It’s one of the worst ideas we’ve heard in a long time: Last week, the Los Angeles Ethics Commission floated a plan to offer cash prizes as an incentive to get Angelenos to vote in local elections. Sheer desperation, as far as we can tell, led the commission to propose an election day lottery, with a jackpot of $1,000 or more that might persuade more registered voters to go to the polls. Would it work? Probably. But it’s still a bad idea. The folks pushing the lottery concept are well-intentioned and obviously disheartened by Los Angeles’ record of terrible voter turnout. Just 23% of registered voters bothered to cast a ballot in last year’s mayoral election. Last week, turnout was an abysmal 9.5% for a Los Angeles Unified School Board special election. But dangling a cash prize over the polls is a cynical and superficial pseudo-solution that fails to address the deeper reasons why people don’t vote. If the Ethics Commission and the City Council want to increase engagement and participation on election day — and they should — they would do better to focus on specific changes that make it easier to cast a ballot, while also getting to work on larger, longer-term reforms that could help counter the pervasive civic malaise that prevents so many Angelenos from feeling engaged in the democratic process.
There are plenty of proposals out there to boost turnout. One is to change L.A.’s election dates. Voters currently cast ballots for city offices in March primaries and May general elections in odd-numbered years. The Municipal Elections Reform Commission, appointed after the embarassingly low-turnout 2013 election, recommended moving local elections to June and November of even-numbered years, to coincide with gubernatorial and presidential elections that draw far greater participation. Of course, there are potential drawbacks to synchronizing local elections with state and federal ones — including cluttered ballots and increased campaign “noise” — but the advantages might make it worthwhile. Mayor Eric Garcetti and the City Council should not rule it out.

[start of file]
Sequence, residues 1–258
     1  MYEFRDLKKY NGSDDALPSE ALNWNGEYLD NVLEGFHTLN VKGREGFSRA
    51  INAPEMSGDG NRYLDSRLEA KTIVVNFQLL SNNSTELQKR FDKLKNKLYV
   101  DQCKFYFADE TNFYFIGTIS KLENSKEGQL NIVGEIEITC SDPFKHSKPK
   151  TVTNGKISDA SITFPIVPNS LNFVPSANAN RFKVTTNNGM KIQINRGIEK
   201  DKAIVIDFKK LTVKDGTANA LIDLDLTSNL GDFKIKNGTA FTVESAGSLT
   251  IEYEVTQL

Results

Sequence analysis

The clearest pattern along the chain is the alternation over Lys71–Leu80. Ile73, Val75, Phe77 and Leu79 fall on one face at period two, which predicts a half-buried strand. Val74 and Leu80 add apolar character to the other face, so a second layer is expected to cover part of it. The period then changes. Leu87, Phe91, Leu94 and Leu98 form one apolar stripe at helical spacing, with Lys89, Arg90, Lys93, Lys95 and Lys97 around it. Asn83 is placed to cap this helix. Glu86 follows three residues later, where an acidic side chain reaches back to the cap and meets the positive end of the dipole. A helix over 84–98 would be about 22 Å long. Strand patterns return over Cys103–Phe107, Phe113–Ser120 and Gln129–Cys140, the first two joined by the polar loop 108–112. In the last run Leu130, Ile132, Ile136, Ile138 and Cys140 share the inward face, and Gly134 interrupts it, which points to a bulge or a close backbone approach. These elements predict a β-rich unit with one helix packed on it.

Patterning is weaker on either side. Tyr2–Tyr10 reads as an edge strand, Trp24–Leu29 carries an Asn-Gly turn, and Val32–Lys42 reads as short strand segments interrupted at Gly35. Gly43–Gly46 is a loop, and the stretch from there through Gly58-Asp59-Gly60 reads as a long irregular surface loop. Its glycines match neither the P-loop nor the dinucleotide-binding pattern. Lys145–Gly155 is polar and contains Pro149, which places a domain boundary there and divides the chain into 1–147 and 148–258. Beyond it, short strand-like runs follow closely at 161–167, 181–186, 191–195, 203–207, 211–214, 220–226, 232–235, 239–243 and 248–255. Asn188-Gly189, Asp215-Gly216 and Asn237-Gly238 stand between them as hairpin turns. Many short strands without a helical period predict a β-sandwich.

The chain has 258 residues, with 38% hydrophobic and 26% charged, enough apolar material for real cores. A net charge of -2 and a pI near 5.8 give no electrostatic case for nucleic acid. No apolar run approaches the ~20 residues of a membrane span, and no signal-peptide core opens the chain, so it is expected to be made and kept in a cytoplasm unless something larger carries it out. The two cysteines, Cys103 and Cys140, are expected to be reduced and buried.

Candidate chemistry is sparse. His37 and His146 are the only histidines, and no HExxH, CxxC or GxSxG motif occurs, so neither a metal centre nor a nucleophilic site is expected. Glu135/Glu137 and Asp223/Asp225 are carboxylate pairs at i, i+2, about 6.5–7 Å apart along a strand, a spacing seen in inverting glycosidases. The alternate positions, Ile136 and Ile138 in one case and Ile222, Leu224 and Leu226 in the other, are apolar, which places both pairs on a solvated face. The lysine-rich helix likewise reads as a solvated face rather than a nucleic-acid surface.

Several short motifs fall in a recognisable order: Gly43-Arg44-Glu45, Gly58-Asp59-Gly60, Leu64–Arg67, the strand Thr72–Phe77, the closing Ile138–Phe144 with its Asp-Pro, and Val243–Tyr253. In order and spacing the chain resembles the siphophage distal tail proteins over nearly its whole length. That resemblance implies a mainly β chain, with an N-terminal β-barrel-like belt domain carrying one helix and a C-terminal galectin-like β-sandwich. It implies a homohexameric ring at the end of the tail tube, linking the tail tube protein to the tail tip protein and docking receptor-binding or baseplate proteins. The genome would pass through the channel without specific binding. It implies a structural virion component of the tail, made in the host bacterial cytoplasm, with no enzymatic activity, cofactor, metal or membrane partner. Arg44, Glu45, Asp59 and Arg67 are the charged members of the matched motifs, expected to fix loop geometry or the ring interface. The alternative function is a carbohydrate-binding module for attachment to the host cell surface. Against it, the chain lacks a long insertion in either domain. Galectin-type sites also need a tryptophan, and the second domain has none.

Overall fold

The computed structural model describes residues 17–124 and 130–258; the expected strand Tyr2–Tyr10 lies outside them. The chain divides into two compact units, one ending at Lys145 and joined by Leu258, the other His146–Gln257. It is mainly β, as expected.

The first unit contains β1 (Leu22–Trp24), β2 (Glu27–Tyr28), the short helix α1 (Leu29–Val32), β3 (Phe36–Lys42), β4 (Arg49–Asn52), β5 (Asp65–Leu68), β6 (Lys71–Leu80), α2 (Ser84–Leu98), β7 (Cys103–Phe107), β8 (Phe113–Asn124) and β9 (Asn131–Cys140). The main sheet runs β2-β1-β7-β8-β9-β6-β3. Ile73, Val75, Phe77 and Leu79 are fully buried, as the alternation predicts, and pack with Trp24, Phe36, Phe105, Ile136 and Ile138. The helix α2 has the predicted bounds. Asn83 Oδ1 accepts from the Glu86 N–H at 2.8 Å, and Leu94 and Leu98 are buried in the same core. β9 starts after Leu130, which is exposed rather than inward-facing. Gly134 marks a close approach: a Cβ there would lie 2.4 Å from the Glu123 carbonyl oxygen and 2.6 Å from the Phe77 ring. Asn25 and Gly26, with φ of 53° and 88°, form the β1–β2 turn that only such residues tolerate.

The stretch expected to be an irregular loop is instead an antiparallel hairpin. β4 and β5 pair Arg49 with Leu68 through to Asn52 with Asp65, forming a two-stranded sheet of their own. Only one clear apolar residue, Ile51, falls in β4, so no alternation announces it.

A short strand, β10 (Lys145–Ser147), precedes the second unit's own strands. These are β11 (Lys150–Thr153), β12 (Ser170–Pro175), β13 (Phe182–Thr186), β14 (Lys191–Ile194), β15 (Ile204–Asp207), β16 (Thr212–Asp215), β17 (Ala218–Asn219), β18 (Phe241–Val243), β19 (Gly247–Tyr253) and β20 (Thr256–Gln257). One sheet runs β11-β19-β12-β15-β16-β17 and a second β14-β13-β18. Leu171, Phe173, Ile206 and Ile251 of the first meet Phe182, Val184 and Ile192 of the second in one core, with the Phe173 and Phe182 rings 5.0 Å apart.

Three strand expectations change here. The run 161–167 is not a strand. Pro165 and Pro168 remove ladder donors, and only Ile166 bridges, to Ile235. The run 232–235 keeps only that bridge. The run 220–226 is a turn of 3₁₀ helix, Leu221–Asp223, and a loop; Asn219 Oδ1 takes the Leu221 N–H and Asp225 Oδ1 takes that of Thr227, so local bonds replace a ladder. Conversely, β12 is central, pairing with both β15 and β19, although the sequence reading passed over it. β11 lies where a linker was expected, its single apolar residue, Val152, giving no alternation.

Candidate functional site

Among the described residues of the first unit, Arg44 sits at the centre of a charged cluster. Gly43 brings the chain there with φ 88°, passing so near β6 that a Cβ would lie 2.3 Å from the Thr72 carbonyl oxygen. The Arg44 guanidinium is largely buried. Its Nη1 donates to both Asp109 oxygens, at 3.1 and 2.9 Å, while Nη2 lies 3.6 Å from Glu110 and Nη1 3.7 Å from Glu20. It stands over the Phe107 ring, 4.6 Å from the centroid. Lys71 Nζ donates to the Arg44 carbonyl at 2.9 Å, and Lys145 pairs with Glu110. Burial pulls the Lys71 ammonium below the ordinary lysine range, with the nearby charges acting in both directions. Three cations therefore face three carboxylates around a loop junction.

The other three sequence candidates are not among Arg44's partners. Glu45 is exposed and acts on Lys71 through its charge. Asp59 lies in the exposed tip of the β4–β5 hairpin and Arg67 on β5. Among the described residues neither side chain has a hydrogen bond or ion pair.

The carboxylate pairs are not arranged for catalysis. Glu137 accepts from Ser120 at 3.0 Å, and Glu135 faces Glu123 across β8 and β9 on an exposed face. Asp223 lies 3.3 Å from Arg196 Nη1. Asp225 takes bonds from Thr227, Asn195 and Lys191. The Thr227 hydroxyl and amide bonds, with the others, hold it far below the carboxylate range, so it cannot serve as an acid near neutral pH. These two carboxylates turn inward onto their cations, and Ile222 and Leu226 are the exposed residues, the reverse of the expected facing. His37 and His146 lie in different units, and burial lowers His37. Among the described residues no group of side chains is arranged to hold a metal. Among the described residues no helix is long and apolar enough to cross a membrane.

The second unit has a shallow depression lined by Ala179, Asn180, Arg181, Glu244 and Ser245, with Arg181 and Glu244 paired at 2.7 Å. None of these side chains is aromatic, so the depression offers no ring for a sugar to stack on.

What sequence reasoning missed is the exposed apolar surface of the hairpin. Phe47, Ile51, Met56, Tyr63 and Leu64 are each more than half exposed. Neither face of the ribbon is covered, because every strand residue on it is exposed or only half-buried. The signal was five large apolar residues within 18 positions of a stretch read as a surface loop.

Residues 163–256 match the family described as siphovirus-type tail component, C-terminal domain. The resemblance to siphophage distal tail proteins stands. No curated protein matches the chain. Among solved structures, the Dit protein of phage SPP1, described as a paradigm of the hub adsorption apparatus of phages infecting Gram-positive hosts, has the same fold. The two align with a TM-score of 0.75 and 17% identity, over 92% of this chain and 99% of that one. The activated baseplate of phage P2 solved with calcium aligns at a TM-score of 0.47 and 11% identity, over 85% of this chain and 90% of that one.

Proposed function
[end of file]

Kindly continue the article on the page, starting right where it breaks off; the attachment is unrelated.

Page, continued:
Another proposal is to let people cast their ballots wherever they want. Eliminate the precinct voting model and put voting centers in highly visible, well-traveled locations, such as malls or schools. This would make voting more convenient.
Here’s another: Hold fewer special elections. They can cost $1 million each or more, yet they draw few participants and contribute to voter fatigue — the feeling of a never-ending election cycle. Instead, appoint people to fill vacancies until the next regularly scheduled election.
Full Article: The voter turnout conundrum in L.A. – LA Times.